Winter set to be coldest for 30 years
Brace yourselves for a freezing cold, bleak new year. This winter is set to be the coldest for more than 30 years, since the Winter of Discontent of 1978-79.
It was the coldest December in Britain for 14 years, 1.8C (3.2F) below average, and the coldest in Scotland for 28 years, 2.1C (3.8F) below average.
After thick snows, avalanches and temperatures plunging to -17C (-1F) in the Highlands, it looks as though the remainder of the winter for the rest of the country is on a slippery downhill run.
The Met Office has issued an updated seasonal forecast for January and February giving a 45 per cent probability of colder than average temperatures, compared with only a 30 per cent chance of average or 25 per chance of milder temperatures.
The conditions are already in place for a long freeze. By January and February the seas around Britain cool further, giving less insulation from biting, raw winds off Europe.
And the covering of thick snow in northern parts of the country is now acting like a refrigerator, cooling the air above.
Another worrying sign is a huge blockage in the weather pattern, as a vast high pressure system sits over Greenland and helps to steer the high-altitude jet streams far to the south of Britain, leaving the country exposed to winds from Russia, Scandinavia and the Arctic Ocean.
This combination is a throwback to some of our worst winters in history, such as 1978-79, when snow began to fall before Christmas, and blizzards later paralysed the country.
One feature that has surprised forecasters this winter is the coldness of the surface seas of the North Atlantic. In May last year there were early signs of warmer seas giving a milder winter, but a lid of cold water on the Atlantic surface is holding down that warmer water and it is not known if and when the warmer waters will break through.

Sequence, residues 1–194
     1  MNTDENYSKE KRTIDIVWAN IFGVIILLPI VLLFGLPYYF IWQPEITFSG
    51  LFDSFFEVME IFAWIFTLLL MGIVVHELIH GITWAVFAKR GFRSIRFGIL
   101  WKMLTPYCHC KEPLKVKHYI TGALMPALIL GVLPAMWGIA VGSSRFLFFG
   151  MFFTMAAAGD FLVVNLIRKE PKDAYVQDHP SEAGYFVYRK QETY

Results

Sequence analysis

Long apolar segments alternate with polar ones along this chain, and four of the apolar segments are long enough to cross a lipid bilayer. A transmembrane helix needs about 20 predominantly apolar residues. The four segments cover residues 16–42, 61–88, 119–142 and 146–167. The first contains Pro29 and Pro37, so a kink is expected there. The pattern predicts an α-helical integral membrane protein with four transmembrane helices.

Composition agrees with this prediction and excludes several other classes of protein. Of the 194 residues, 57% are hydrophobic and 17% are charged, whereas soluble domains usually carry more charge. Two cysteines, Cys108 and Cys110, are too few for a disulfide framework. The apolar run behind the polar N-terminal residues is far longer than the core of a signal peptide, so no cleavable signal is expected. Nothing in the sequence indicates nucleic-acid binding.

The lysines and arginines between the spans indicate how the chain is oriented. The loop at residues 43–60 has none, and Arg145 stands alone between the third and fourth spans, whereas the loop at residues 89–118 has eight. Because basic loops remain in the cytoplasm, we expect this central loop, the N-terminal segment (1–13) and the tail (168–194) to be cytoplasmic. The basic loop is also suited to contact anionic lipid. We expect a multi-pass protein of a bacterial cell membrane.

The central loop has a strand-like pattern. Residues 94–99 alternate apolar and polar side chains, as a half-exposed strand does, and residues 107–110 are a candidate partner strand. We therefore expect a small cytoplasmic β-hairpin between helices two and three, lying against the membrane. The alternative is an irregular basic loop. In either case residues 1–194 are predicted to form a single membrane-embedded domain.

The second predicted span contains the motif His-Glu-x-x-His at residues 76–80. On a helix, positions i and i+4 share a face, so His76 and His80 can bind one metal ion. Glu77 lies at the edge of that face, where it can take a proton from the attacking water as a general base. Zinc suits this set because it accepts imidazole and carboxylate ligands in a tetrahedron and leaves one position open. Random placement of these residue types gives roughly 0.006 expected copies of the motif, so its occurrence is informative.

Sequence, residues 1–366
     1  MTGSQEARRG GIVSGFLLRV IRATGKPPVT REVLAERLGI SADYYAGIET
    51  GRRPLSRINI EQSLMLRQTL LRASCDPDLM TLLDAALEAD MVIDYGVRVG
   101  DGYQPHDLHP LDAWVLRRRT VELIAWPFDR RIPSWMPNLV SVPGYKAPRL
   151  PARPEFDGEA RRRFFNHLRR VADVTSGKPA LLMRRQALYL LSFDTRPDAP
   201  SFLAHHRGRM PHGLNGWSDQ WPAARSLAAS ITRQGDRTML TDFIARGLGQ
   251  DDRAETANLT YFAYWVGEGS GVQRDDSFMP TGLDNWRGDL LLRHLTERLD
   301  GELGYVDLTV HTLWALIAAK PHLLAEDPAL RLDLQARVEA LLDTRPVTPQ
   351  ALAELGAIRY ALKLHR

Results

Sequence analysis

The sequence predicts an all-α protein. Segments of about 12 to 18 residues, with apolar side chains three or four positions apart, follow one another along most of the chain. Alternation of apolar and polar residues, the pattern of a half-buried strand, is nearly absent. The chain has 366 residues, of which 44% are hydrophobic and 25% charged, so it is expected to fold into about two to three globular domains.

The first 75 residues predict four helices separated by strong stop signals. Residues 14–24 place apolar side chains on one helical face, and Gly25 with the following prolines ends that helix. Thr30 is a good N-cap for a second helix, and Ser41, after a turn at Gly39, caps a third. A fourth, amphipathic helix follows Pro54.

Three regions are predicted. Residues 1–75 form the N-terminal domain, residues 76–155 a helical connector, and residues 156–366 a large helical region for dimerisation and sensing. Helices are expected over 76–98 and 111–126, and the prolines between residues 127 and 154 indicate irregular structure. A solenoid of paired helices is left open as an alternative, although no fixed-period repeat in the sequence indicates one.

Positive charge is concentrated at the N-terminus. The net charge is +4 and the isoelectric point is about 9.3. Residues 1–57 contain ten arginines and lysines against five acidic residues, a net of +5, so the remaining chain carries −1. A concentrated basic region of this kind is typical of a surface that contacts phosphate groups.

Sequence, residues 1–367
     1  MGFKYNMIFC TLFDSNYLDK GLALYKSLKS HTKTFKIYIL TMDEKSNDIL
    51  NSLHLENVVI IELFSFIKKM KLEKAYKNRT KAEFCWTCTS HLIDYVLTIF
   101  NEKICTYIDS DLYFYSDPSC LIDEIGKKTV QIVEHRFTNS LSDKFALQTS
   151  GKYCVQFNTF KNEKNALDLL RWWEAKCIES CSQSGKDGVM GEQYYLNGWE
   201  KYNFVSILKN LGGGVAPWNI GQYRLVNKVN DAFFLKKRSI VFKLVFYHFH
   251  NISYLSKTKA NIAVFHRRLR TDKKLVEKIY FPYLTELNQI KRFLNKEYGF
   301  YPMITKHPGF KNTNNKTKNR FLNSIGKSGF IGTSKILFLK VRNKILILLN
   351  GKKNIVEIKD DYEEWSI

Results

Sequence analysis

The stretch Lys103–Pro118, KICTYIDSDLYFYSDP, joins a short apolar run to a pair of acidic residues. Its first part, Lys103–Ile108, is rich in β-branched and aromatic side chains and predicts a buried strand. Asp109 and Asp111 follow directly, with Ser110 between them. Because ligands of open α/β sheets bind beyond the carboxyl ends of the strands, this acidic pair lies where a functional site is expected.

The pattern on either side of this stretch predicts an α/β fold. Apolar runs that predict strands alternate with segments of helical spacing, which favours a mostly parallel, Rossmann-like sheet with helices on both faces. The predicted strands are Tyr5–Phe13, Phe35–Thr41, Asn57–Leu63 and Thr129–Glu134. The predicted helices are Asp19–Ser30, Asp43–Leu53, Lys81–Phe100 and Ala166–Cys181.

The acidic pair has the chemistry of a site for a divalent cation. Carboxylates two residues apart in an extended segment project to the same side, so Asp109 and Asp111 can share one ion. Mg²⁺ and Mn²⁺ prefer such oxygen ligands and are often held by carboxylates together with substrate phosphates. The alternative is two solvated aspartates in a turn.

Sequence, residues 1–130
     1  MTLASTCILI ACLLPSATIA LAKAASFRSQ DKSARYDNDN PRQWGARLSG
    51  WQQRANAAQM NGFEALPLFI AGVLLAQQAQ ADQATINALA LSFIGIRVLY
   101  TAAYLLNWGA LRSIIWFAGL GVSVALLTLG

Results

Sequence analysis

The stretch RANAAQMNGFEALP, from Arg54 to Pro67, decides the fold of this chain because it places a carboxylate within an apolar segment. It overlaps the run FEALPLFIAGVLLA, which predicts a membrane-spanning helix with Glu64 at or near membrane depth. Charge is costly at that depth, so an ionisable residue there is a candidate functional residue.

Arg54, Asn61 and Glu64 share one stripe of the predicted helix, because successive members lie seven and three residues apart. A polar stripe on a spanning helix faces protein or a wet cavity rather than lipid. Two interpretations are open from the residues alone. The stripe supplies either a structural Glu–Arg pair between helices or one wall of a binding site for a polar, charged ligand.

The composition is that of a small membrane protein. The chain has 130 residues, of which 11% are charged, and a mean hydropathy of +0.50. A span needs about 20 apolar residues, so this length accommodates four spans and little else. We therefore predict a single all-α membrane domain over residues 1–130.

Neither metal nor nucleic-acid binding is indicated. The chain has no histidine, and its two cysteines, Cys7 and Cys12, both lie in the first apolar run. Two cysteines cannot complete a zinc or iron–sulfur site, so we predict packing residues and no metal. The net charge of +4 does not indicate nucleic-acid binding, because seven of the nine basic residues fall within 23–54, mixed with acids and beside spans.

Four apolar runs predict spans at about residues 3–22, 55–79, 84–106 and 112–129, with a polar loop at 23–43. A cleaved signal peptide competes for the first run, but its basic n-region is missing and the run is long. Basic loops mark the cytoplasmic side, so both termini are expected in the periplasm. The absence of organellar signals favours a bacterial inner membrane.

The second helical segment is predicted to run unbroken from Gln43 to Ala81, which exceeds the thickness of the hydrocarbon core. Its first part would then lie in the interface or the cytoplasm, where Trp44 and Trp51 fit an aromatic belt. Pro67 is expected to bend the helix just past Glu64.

Another sign of a cold winter comes from a growing El Niño in the Pacific, which has been getting stronger over the past few weeks. This turmoil in the tropical ocean shunts warm waters towards the coast of South America, and at present the sea in some places is 3C (5.4F) above normal, the warmest for 12 years.
This upheaval thousands of miles away reverberates through the atmosphere, affecting the jet stream winds that run around the globe and influence the weather in Britain.
“We can show a robust link between European climate and El Niño in late winter, with cold conditions over northern Europe and mild conditions in southern Europe,” said Dr Scaife of the seasonal forecasting group at Met Office’s Hadley Centre.
This doesn’t mean that the entire winter will be cold, though. Even the worst winters in history have had brief interludes of milder weather.http://www.timesonline.co.uk/tol/news/w ... 976679.ece